• John: Where is the weighing machine? I have some excess baggage
  • Lady at the Ticket counter: Just at your right-hand side. Thank you, sir. Here is your excess baggage ticket, Do you have any hand baggage.
  • John: Yes, one piece.
  • The man at the Ticket counter: Here is a baggage tag for your hand baggage. Please keep the excess baggage ticket carefully sir. You’ll require it to claim your excess baggage at Calcutta. Here are your flight ticket and your boarding card. Thank you. Next, please.
  • John sits on a couch in the waiting lounge.
  • Girl on the P.A. System: All passengers traveling to Calcutta by Bharat Airlines flight No.201 are requested to proceed for airport security check. Thank you.
  • John: (Inside the security check enclosure).
  • What do you want to check?
  • Security Inspector: Are you carrying any firearms or a pointed instrument?
  • John: No I do not have any kind of firearms.
  • Inspector: (Feeling Ranjan all over). This is just routine, sir. We have to be careful about security, you know. What with all these hijackings going on.
  • John: Yes, the newspapers are full of it these hijackings. I wonder how these people do it.
  • Inspector: One cannot be too careful. Do you have any hand baggage?
  • John: Yes, this is attached.
  • Inspector: Please open it. Right, that is all. Here let me stamp your Boarding card. Thank you.
  • John: passes through the security check enclosure and waits in another lounge After ten minutes.
  • Girl on the P.A. system: Bharat Airlines Flight 201 to Kolkata is now ready for departure. Passengers are requested to proceed to the aircraft. Please keep your boarding cards ready.
  • John (To the passenger walking next to him): Excuse me sir, which is the aeroplane that we board?
  • Passenger: The airport shuttle bus standing at the entrance will take us to the aircraft.
  • Ground Hostess: Good evening sir? May I see your boarding card, please? Thank you.
  • John Excuse me, where do I go?
  • Ground Hostess Please get into that bus
  • John (sitting in the Bharat Airlines bus, talks to his neighbor): I must say, I’ am most impressed with the efficiency of the Airlines. Air travel is so much more organized, faster cleaner than any other form of travel. Don’t you think so?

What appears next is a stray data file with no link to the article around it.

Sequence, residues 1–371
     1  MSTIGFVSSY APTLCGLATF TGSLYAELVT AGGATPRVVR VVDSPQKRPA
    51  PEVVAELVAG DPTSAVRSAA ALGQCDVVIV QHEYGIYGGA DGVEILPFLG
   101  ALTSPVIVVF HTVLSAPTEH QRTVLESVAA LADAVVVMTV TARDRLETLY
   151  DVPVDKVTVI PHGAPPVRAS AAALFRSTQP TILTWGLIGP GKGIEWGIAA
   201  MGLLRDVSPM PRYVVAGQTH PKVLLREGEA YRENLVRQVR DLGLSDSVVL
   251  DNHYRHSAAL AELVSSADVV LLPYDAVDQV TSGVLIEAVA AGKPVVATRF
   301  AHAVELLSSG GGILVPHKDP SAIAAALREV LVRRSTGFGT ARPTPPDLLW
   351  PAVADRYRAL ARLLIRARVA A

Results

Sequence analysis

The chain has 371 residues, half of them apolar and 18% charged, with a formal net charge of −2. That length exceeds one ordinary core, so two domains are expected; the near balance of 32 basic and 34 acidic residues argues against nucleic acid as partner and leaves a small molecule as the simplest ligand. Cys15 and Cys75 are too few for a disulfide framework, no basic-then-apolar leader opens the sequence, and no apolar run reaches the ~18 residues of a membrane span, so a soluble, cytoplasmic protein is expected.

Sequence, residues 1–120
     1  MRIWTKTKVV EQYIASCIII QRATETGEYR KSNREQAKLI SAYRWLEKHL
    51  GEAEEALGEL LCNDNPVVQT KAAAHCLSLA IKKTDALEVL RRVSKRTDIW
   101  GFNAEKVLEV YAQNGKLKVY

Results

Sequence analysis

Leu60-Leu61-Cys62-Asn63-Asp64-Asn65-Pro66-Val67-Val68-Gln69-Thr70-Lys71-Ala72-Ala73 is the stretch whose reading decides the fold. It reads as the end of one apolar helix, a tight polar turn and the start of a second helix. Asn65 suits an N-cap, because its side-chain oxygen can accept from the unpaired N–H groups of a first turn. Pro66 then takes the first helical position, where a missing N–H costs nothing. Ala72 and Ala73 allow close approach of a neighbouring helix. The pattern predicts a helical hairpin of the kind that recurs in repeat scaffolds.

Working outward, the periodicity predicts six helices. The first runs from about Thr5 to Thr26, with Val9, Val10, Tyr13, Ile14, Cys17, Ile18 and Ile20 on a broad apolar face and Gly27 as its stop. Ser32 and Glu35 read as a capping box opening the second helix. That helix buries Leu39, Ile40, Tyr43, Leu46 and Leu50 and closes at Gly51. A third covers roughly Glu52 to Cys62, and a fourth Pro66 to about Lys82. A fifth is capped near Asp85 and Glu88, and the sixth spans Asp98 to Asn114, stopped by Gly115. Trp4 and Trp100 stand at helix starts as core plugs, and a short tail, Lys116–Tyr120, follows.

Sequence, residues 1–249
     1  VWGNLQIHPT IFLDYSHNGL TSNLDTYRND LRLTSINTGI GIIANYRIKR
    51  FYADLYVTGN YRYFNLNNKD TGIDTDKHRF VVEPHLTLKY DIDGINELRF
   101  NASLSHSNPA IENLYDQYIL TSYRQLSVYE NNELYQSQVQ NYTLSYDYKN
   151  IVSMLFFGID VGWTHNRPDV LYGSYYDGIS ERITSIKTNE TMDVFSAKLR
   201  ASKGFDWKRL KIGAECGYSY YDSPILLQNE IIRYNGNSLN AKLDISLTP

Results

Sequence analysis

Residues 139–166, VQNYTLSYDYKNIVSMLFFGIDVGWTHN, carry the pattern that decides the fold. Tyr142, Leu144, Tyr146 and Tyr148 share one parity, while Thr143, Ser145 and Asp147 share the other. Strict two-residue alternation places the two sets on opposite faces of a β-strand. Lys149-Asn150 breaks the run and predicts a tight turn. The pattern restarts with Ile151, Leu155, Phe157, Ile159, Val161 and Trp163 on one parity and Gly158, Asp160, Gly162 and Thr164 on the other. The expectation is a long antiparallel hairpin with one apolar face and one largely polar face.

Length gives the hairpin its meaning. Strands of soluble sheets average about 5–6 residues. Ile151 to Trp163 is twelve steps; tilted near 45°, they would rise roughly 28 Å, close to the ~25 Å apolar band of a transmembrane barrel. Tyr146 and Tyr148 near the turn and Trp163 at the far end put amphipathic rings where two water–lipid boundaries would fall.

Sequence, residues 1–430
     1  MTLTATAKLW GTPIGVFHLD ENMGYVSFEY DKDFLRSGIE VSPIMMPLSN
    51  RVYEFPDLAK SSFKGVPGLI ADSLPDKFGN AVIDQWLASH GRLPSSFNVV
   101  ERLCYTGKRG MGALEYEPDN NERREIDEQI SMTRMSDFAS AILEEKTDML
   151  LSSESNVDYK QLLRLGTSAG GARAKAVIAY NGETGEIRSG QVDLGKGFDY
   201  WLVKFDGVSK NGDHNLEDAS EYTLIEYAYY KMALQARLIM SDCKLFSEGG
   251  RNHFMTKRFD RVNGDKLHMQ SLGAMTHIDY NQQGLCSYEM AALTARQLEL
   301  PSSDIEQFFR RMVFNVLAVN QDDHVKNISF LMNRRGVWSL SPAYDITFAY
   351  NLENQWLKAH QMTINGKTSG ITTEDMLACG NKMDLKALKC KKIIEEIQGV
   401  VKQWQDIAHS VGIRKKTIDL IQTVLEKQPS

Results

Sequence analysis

• Fellow Passenger: Yes. It certainly is the fastest way of getting from one place to another. I am a businessman. Very often I travel to Delhi by the morning plane, do my work in Delhi and then return to Calcutta by the evening flight.
  • John: Isn’t that wonderful? You can travel 20000 miles in a day and do a full day’s work as well.
  • Fellow Passenger Yes, but these businesses of Security check wastes so much time. Then the planes are not keeping to their correct timings. Sometimes it can be very frustrating and upsetting too.
  • John: Here we are Sir. May I hold one of your luggage bags?
  • Fellow Passenger: No thank you I can carry my bag luggage. Thank you all the same for the offer.

Appendix: 5


America Neil Diamond


We’ve been traveling far

Without a home

But not without a star


Only want to be free

We huddle close

Hang on to a dream

On the boats and on the planes

They’re coming to America

Never looking back again

They’re coming to America

Home, don’t it seem so far away

Oh, we’re traveling light today

In the eye of the storm

In the eye of the storm

Home, to a new and a shiny place

Make our bed, and we’ll say our grace

Freedom’s light burning warm

Freedom’s light burning warm

Everywhere around the world

They’re coming to America

Every time that flag’s unfurled

They’re coming to America

Got a dream to take them there

They’re coming to America

Got a dream they’ve come to share

They’re coming to America

They’re coming to America

They’re coming to America

They’re coming to America

They’re coming to America

Today, today, today, today, today

My country ’tis of thee


Sweet land of liberty

TodayOf thee, I sing

TodayOf thee, I sing


Cite this paper

Select style


StudyCorgi. (2022, January 27). The Need for Lesson Planning and Teaching. Retrieved from


StudyCorgi. (2022, January 27). The Need for Lesson Planning and Teaching.

Work Cited

"The Need for Lesson Planning and Teaching." StudyCorgi, 27 Jan. 2022,

* Hyperlink the URL after pasting it to your document

1. StudyCorgi. "The Need for Lesson Planning and Teaching." January 27, 2022.


StudyCorgi. "The Need for Lesson Planning and Teaching." January 27, 2022.


StudyCorgi. 2022. "The Need for Lesson Planning and Teaching." January 27, 2022.


StudyCorgi. (2022) 'The Need for Lesson Planning and Teaching'. 27 January.

This paper was written and submitted to our database by a student to assist your with your own studies. You are free to use it to write your own assignment, however you must reference it properly.

If you are the original creator of this paper and no longer wish to have it published on StudyCorgi, request the removal.